$F(A(y))=-F(y)$ for all $y\in Y$ and

 $\displaystyle F(X{\setminus}Y)\subset{\mathbb{R}}^{n-1}_{+}:=\{(x_{1},\ldots,x _{n})\in{\mathbb{R}}^{n}:x_{m+1}+\cdots+x_{n}>0\},$

as required.

2. 2.

Let $X=M$ and $Y=\partial M$ . Then it follows from 1 that there is an embedding $F:M\to{\mathbb{R}}^{q}_{+}$ with $F(\partial M)\subset{\mathbb{R}}^{q}$ and $F(A(y))=-F(y)$ for all $y\in\partial M$ , where $q=n-1$ . Let

 $\displaystyle\tilde{M}$ $\displaystyle:=$ $\displaystyle F(M)\cup(-F(M))\subset{\mathbb{R}}^{q+1}={\mathbb{R}}^{q}_{+} \cup(-{\mathbb{R}}^{q}_{+})\;\mbox{ and }$ $\displaystyle\tilde{A}(x)$ $\displaystyle:=$ $\displaystyle-x\mbox{ for all }x\in\tilde{M}.$

It is clear that $\tilde{M}\simeq(N{\setminus}\partial N)\cup\partial N\cup\tilde{A}(N{\setminus }\partial N),$ where $N:=F(M).$

3. 3.

Let us prove that $(\tilde{M},\tilde{A})$ is BUT. Indeed, since $(\partial M,A)$ is BUT, there is a continuous antipodal transversal to zeros mapping $g:\partial M\simeq\partial N\to{\mathbb{R}}^{d-1}$ with $|Z_{g}|=4m+2$ , where $d:=\dim{M}.$ We extend this mapping to $h:\tilde{M}\to{\mathbb{R}}^{d}$ with $h|_{\partial N}=g$ and $|Z_{h}|=|Z_{g}|=4m+2$ .

Let $v=(x_{1},\ldots,x_{n})\in{\mathbb{R}}^{n}$ be a vertex of $\tilde{M}$. If $v\in\partial N$, then put

 $\displaystyle h(v):=(g(v),0)\in{\mathbb{R}}^{d}.$

For $v\in\tilde{M}{\setminus}\partial N$ define

 $\displaystyle h(v):=(0,\ldots,0,x_{m+1}+\cdots+x_{n})\in{\mathbb{R}}^{d}.$

Then $h:\tilde{M}\to{\mathbb{R}}^{d}$ is an antipodal transversal to zeros mapping and $h^{-1}(0)=g^{-1}(0)$.
$\square$

###### Theorem 3.3.

Let $M$ be a $d$–dimensional compact PL manifold with boundary $\partial M$. Suppose $(\partial M,A)$ is a BUT–manifold. Let $T$ be a triangulation of $M$ that antipodally symmetric on $\partial M$. Let $L:V(T)\to\Pi_{d}$ be a labelling of $T$ that is antipodal on the boundary. Then there is a complementary edge in $T$.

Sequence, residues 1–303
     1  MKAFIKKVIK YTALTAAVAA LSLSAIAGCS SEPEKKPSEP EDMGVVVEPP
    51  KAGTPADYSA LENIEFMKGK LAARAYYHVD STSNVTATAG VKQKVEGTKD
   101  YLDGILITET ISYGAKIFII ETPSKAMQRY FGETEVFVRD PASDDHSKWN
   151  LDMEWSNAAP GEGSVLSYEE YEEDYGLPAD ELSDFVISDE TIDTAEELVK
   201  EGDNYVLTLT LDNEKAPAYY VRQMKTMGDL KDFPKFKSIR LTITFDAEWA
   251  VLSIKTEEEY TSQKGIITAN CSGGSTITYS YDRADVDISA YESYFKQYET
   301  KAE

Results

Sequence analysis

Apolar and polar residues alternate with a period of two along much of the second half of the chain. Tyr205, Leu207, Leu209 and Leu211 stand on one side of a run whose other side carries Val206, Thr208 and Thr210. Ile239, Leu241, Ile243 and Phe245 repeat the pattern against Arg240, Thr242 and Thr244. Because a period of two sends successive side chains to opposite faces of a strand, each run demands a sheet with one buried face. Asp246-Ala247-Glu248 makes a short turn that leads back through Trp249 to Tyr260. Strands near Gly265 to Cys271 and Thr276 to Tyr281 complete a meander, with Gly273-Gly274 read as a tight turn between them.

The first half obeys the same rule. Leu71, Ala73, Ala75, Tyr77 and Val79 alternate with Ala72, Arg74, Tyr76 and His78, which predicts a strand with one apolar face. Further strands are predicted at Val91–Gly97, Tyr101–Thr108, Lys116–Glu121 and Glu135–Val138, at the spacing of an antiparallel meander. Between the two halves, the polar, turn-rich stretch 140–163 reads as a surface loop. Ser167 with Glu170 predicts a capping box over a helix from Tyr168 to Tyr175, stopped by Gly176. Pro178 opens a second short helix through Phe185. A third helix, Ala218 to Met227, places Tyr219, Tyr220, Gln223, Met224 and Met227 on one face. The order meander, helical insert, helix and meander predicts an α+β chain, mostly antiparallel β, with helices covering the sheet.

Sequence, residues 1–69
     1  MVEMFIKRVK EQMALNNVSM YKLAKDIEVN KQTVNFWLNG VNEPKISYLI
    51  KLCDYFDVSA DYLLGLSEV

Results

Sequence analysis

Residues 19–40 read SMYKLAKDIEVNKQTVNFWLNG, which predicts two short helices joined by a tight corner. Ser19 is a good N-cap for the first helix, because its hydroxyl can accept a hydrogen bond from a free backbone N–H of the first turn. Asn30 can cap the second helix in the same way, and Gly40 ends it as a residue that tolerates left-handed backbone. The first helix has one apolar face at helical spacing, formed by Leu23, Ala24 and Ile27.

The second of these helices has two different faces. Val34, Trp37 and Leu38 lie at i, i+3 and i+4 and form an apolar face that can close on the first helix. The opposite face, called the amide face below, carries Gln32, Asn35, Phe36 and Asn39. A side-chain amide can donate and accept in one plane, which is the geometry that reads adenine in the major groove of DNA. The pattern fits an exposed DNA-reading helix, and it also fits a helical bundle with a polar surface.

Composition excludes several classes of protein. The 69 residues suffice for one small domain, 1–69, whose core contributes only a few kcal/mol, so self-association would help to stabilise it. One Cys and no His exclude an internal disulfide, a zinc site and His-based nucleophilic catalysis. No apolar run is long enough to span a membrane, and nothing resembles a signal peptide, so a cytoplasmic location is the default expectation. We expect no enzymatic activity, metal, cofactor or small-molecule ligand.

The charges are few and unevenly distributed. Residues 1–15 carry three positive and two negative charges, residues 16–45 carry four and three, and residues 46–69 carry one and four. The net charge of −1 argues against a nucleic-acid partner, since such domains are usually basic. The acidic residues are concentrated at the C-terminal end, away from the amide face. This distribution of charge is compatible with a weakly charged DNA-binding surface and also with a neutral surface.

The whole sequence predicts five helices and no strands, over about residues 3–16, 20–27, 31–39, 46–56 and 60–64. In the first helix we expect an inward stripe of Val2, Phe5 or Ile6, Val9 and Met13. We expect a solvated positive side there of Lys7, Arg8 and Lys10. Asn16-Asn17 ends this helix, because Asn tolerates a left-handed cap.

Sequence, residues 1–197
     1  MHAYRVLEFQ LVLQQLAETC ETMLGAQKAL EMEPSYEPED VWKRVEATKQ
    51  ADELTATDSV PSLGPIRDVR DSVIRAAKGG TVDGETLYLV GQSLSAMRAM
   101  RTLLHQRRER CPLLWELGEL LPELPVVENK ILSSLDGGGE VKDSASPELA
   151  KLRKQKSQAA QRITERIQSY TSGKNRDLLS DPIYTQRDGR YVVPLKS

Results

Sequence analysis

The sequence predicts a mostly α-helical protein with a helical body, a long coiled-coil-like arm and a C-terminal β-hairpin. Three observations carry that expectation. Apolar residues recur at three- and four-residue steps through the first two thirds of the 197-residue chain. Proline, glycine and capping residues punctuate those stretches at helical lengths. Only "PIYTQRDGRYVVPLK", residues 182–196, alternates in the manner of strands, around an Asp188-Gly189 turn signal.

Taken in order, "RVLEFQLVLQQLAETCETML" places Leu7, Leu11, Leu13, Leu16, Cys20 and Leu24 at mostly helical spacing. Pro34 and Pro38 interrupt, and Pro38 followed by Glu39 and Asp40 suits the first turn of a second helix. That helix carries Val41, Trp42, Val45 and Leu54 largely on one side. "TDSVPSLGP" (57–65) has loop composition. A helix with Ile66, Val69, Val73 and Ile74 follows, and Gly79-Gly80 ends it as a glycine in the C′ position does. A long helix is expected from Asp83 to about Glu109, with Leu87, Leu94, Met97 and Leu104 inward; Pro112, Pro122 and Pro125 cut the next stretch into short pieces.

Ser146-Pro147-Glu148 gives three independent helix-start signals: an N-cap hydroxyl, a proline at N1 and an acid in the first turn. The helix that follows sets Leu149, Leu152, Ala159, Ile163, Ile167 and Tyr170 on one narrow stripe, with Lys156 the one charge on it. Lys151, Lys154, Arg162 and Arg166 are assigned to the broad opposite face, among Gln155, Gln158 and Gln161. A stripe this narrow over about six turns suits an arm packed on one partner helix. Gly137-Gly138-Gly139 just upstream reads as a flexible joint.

###### Theorem 3.4.

Let $M$ be a $d$–dimensional compact PL manifold with boundary $\partial M$. Suppose $(\partial M,A)$ is a BUT–manifold. Let $T$ be a triangulation of $M$ that antipodally symmetric on $\partial M$. Let $L:V(T)\to\Pi_{d+1}$ be a labelling of $T$ that is antipodal on the boundary and has no complementary edges. Then for any set of labels $\Lambda:=\{\ell_{1},\ell_{2},\ldots,\ell_{d+1}\}\subset\Pi_{d+1}$ with $|\ell_{i}|=i$ for all $i$, the number of $d$–simplices in $T$ that are labelled by $\Lambda$ or $(-\Lambda)$ is odd.

###### Proof.

By Lemma 3.1 there is a BUT–manifold $(\tilde{M},\tilde{A})$ that is the double of $M$. We can extend $T$ and $L$ from $M$ to an antipodal triangulation $\tilde{T}:=T\cup\tilde{A}(T)$ of $\tilde{M}$ and an antipodal labelling $\tilde{L}:V(\tilde{T})\to\Pi_{n}$, where $n=d$ in Theorem 3.3 and $n=d+1$ in Theorem 3.4, such that $\tilde{L}|_{T}=L$.

Thus, for the case $n=d$ Theorem 3.3 follows from Theorem 3.1 and for $n=d+1$ Theorem 3.2 yields Theorem 3.4. $\square$

## 4 Shashkin’s Proof of Tucker’s Theorems

In this section we consider two Tucker’s theorems about covering families. Note that [Tucker1945] obtained these theorem only for   ${\mathbb{S}}^{2}$. [Bacon1966] proved that statements in Theorems 4.1 and 4.2 are equivalent to the Borsuk–Ulam theorem for normal topological spaces $X$ with free continuous involutions $A:X\to X$. [See also Theorem 2.1 in our paper ([Musin and Volovikov2015])]. Actually, these theorems can be proved from properties of Schwarz’s genus ([Svarc1966]) or Yang’s cohomological index ([Karasev2009]; [Musin and Volovikov2015]).

For the two–dimensional case in the book [Shashkin1999] Shashkin derives Tucker’s theorems from his lemma. Here we extend his proof for BUT–manifolds of all dimensions.

###### Theorem 4.1.